Cardiovascular health

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This section provides a summary of the area of practice for this unit and highlights the importance of this topic to general practice and the role of the GP.

Cardiovascular disease (CVD), including acute and chronic heart disease, stroke and peripheral vascular disease, is a complex and multifactorial issue that affects 16.6% of the Australian population.1,2 It is the leading cause of death in Australia and accounts for 26% of all deaths.3 CVD also costs the Australian economy over $5 billion each year, more than any other disease.4

CVD mortality rates for Aboriginal and Torres Strait Islander adults (older than 25 years) are double that of non-Indigenous Australians, and seven times higher in those aged 40–54 years.5 Early intervention in the form of screening and risk factor modification is therefore vital. Screening for CVD in Aboriginal and Torres Strait Islander peoples is recommended from 18 years of age, and screening for CVD risk factors is recommended to start as early as 12 years of age.5

General practitioners (GPs) are well placed to advise patients on how to modify their risk factor profiles through the promotion of healthy lifestyle choices. Risk factors include smoking tobacco, high body mass index (BMI), physical inactivity, elevated cholesterol, elevated blood pressure, excessive alcohol intake, and low fruit and vegetable consumption. These are considered the most effective areas to focus on for CVD prevention.5

Atrial fibrillation is another common cardiac condition that significantly increases the risk of developing heart failure or stroke, making diagnosis and timely management vital.6 These patients are often managed entirely by GPs, with an emphasis on managing symptoms, preventing disease progression and avoiding hospitalisations.

Some cardiovascular conditions also affect children and can have long-term negative health outcomes. These include congenital heart defects and infectious diseases, such as rheumatic fever. The rates of acute rheumatic fever are higher in Aboriginal and Torres Strait Islander children, especially in rural and remote areas.7 If left undiagnosed and untreated, rheumatic fever can lead to rheumatic heart disease.8 It is the GP’s role to identify those at risk and provide appropriate treatment in the context of their community. Other types of sclerotic valvular pathologies are often picked up by GPs by undertaking opportunistic cardiovascular examinations when patients present for other reasons. GPs are also responsible for identifying and appropriately managing these to prevent later morbidity and mortality.

Deaths from heart disease are more than 50% higher for Australians in rural and remote areas of Australia compared with metropolitan areas.8 Research shows that this is due to multiple issues related to access, including the ability to pay, transport and geographical distances, delays in patients seeking care, access to diagnostic testing and timely treatment in an appropriate facility. Workforce shortages or lack of access to relevant non-GP specialists, cultural differences and complexities that arise from comorbidities and geographical isolation also amplify the challenges.9 GPs therefore play a key role in advocating for equitable access to cardiovascular and other general health services for patients in rural and remote areas. GPs working in rural and remote regions should also be supported to provide comprehensive cardiovascular healthcare with the resources they have available locally.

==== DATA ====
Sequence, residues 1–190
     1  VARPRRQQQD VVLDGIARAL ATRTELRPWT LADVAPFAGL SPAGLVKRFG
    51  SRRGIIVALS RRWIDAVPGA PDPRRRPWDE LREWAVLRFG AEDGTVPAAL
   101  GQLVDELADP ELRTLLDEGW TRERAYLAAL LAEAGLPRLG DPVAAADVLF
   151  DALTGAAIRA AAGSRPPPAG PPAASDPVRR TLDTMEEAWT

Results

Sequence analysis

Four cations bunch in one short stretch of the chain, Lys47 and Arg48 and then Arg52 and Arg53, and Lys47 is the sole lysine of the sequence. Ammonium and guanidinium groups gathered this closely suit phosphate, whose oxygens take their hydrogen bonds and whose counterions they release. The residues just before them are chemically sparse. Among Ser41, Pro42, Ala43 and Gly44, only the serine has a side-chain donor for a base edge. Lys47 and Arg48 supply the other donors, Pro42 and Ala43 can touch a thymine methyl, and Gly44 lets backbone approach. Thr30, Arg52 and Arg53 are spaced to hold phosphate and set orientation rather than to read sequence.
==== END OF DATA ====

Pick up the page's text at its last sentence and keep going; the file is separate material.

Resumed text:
1. Australian Bureau of Statistics. National Health Survey 2017-18. Canberra: ABS, 2018.
  2. National Heart Foundation of Australia. Key Statistics: Cardiovascular Disease. Melbourne: Heart Foundation, date unknown [Accessed 21 August 2021].
  3. Australian Bureau of Statistics. Causes of Death 2019. Canberra: ABS, 2020.
  4. Australian Institute of Health and Welfare. Disease expenditure in Australia. Canberra: AIHW, 2019.
  5. National Aboriginal Community Controlled Health Organisation and The Royal Australian College of General Practitioners. National guide to a preventive health assessment for Aboriginal and Torres Strait Islander people. 3rd edn. East Melbourne, Vic: RACGP, 2018.
  6. Ball J, Carrington MJ, McMurray JJV, Stewart S. Atrial fibrillation: Profile and burden of an evolving epidemic in the 21st century. Int J Cardiol 2013;167(5):1807–24.
  7. Ralph AP, Noonan S, Wade V, Currie B. The 2020 Australian guideline for prevention, diagnosis and management of acute rheumatic fever and rheumatic heart disease. Med J Aust 2021;214(5):220–27. doi: 10.5694/mja2.50851.
  8. National Heart Foundation of Australia. The great heart health divide: Killer gap exposed in new data. Melbourne: Heart Foundation, 2020 [Accessed 5 October 2021]
  9. Thompson SC, Nedkoff L, Katzenellenbogen J et al. Challenges in managing acute cardiovascular disease and follow up care in rural areas: A narrative review. Int J Environ Res Public Health 2019;16(24):5126. doi: 10.3390/ijerph16245126.


This section lists the knowledge, skills and attitudes that are expected of a GP for this contextual unit. These are expressed as measurable learning outcomes, listed in the left column. These learning outcomes align to the core competency outcomes of the seven core units, which are listed in the column on the right.

Communication and the patient–doctor relationship
Learning outcomes Related core competency outcomes
The GP is able to:   
  • discuss the impact of cardiovascular disease in a manner that is respectful and responsive to the sociocultural context of the patient
1.1.1, 1.1.5, 1.1.6, 1.3.1, 1.3.2, AH1.3.1
  • consider the patient’s level of health literacy when discussing treatment options and health behaviours that impact on cardiovascular health
1.2.1, 1.2.2, 1.4.3, 1.4.4
Applied knowledge and skills
Learning outcomes Related core competency outcomes
The GP is able to:   
  • undertake appropriate assessment and management of patients with cardiovascular presentations, including a consideration of red flags
2.1.1, 2.1.2, 2.1.3, 2.1.4, 2.1.6, 2.1.7, 2.1.8, 2.1.10